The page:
There doesn't appear to be much consensus among Federal Reserve governors and presidents about the U.S. economy. Despite the FOMC's decision to take aggressive action to loosen monetary policy earlier this month, the economists' opinions about the current and future path of the U.S. recovery are all over the place. This can be seen by the committee's discussion as well as the new economic forecasts released with the meeting's minutes.
If the Economy Is Improving, Why the Action?
Let's start with the one thing that all of the FOMC members broadly agree on: the U.S. economy is recovering. In a sense, it is somewhat surprising that the only thing all these economists clearly agree on is that the economy is improving; after all, they just voted to expand monetary policy, implying that they don't feel that the recovery is strong enough. Take the following exceprt from the Staff Economic Outlook:
Because the recent data on production and spending were broadly in line with the staff's expectations, the forecast for economic activity that was prepared for the November FOMC meeting showed little change to the staff's near-term outlook relative to the forecast prepared for the September FOMC meeting. However, the staff revised up its forecast for economic activity in 2011 and 2012.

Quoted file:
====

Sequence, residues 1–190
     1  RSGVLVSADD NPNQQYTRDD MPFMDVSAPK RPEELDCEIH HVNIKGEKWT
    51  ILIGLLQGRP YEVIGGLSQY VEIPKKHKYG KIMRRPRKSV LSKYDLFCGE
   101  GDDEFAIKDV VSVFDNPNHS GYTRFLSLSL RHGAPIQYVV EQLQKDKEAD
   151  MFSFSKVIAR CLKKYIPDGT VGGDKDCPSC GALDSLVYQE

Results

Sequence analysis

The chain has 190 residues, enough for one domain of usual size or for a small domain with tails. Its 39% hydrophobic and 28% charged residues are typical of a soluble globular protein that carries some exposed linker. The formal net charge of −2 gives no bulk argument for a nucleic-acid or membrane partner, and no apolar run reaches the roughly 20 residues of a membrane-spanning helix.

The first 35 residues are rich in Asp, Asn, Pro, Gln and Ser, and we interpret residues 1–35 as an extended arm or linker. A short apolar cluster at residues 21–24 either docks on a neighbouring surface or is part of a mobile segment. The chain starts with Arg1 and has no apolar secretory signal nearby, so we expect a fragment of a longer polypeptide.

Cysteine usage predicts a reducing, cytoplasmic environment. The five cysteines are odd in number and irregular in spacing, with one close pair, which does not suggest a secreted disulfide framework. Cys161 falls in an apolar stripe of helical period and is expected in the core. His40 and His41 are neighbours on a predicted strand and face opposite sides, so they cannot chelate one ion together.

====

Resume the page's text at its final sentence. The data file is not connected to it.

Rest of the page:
That certainly doesn't sound like a group that would also decide to take aggressive action to stimulate the economy during the same meeting. If the economy was performing as they expected, and they revised their future forecasts upwardly, then why did they feel the need for that action? Another except explains:
Although participants considered it quite unlikely that the economy would slide back into recession, some noted that continued slow growth and high levels of resource slack could leave the economic expansion vulnerable to negative shocks.
So there's little fear of a double dip, unless new negative shocks hit the market. The latest asset purchase plan is meant to strengthen the U.S. economy enough that it isn't vulnerable to that action.